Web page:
The Wonderful and Frightening Worlds of Mark E. Smith and Steve Aylett

By Spencer Cawein Pate

When Bill Ectric first emailed to ask me if I was interested in contributing an essay to a Steve Aylett nonfiction tribute anthology / festschrift he was editing, I knew immediately that I would a) enthusiastically accept his offer, since Aylett is one of my favorite writers, and b) write about the influence of The Fall–a mutual favorite band–on Aylett’s work.

Now that Bill’s excellent Steve Aylett: A Critical Anthology (which is co-edited by D. Harlan Wilson, and which includes pieces from such literary luminaries as Alan Moore and Michael Moorcock) has just been published, I’m proud to present the opening two paragraphs of my essay, “The Wonderful and Frightening Worlds of Mark E. Smith and Steve Aylett.” Anyone interested in satire, cult fiction, and cult music should check out the book! (Tony Lee and John Oakes’ contributions are particularly good, too.)

The Wonderful and Frightening Worlds of Mark E. Smith and Steve Aylett

“The difference between you and us is that we have brains”

–From “Intro” [Totale’s Turns] by The Fall

When we first encounter a writer as original as Steve Aylett, or as original as the character Jeff Lint in Aylett’s eponymous novel, it seems as though we cannot help but attempt to territorialize that writer’s imagination, to annex it to what we already know and understand. For example, when Lint‘s laziest reviewers noticed the novel’s superficial parallels and allusions to the life of Philip K. Dick, they automatically assumed it was intended as a roman à clef and proceeded to criticize it on this basis…notwithstanding Aylett’s assertions to the contrary in several interviews. (To be fair, the book may have been marketed misleadingly in this regard.)

But while Jeff Lint was not intended to be a thinly-disguised Philip K. Dick, I do think Aylett may have had other models and analogues in mind—namely, Mark E. Smith (or as fans call him, MES), the lead singer, lyricist, and sole constant member of that British post-punk institution, The Fall. I certainly do not mean to suggest that Lint was implicitly based upon MES’s colorful life, only to assert that his contrarian persona and distinctive approach to cultural criticism have strongly informed the satirical work of Steve Aylett and, by extension, that of Jeff Lint. My intention in writing this essay is thus not to find and catalogue every instance in Aylett’s fiction where he alludes to The Fall (although as an avowed fan, Aylett places many such references throughout his oeuvre), but rather to delineate and compare the satirical currents in MES and Aylett’s idiosyncratic bodies of work.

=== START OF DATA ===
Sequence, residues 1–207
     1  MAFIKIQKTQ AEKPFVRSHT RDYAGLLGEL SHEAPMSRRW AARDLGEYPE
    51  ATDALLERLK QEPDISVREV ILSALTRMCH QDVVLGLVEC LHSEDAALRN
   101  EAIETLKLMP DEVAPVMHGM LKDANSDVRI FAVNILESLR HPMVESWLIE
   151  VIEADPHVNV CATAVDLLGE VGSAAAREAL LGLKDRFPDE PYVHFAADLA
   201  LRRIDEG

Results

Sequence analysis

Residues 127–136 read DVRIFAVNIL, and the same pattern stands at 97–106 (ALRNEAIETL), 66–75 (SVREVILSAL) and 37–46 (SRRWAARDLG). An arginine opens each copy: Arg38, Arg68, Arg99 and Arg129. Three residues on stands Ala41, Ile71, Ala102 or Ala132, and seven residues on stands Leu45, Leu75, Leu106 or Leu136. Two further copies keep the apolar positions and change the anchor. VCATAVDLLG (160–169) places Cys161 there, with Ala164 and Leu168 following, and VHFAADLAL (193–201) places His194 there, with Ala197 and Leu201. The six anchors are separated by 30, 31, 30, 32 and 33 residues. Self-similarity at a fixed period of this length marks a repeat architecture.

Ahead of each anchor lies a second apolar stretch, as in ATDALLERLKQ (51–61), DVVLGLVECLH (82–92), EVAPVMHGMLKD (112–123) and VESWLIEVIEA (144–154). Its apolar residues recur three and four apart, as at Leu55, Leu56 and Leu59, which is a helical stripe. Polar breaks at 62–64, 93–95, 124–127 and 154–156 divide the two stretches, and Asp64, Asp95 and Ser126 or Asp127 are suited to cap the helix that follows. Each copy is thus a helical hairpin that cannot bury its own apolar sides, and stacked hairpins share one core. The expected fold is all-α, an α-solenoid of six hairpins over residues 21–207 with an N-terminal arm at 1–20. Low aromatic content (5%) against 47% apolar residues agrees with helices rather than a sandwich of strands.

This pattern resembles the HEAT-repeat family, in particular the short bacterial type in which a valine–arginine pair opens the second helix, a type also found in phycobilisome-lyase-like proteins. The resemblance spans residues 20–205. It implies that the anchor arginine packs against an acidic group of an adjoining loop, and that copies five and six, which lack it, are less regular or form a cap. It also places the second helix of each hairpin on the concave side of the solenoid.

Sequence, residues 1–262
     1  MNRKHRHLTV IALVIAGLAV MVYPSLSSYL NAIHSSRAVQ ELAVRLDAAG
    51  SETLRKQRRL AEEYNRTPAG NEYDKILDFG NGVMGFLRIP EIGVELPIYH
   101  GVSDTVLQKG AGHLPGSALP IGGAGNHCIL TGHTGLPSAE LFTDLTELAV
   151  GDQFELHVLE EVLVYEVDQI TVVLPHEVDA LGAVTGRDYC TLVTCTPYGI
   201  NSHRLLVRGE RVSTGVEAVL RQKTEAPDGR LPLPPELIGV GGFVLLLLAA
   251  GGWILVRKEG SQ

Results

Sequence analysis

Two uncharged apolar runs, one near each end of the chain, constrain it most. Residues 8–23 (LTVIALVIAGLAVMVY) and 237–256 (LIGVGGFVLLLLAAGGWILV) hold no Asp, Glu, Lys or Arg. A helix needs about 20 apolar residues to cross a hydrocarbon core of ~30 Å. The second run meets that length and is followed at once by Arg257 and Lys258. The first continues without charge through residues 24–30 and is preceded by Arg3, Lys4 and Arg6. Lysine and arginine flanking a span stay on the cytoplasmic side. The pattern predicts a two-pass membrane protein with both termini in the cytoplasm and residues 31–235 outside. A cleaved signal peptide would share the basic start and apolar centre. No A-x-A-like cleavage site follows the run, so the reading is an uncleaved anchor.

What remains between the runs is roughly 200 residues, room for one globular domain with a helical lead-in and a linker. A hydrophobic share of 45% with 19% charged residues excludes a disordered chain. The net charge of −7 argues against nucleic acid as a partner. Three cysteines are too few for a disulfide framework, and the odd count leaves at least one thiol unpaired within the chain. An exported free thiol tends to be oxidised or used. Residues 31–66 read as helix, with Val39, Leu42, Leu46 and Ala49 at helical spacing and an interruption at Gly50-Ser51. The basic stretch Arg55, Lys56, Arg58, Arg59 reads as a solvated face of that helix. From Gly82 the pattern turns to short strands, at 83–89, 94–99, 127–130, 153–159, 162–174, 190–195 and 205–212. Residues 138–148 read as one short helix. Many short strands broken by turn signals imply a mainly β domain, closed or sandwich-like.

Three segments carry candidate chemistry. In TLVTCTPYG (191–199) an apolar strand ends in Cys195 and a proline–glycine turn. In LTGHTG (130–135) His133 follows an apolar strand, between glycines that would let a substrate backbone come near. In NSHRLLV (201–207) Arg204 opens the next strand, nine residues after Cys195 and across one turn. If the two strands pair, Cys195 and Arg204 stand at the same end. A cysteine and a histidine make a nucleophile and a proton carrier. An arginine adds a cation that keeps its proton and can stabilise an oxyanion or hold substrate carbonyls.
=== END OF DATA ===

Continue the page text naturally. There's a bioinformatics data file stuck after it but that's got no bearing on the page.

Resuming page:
The world of art needs people like Mark E. Smith and Steve Aylett (or, for that matter, like Jeff Lint) to keep it honest, to save it from complacency. While their idiosyncratic worlds may initially seem frightening to the uninitiated, their audience knows that they are also wonderful. I think I can speak for all of Aylett’s fans when I say that we are profoundly grateful for the presence of his books in our lives. At its best, satire is as constructive of imaginative possibilities as it is destructive of established orders; it teaches us how we can “step sideways” from the world, as Mark E. Smith once put it. Underneath the grotesquerie, satire can represent the fraught, beleaguered defense of what is best in us: reason and creativity and humor, friendship and kindness and love: the ideals and practices that constitute sanity itself.

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Another Book by Paul Murray

By Spencer Cawein Pate

Ever since I read the first two novels by the wonderful Irish writer Paul Murray in 2011 (about which I previously wrote a brief essay), I’ve been eagerly awaiting his next book. Thankfully, The Mark and the Void finally arrived on American shores in fall 2015, and I read it over winter break.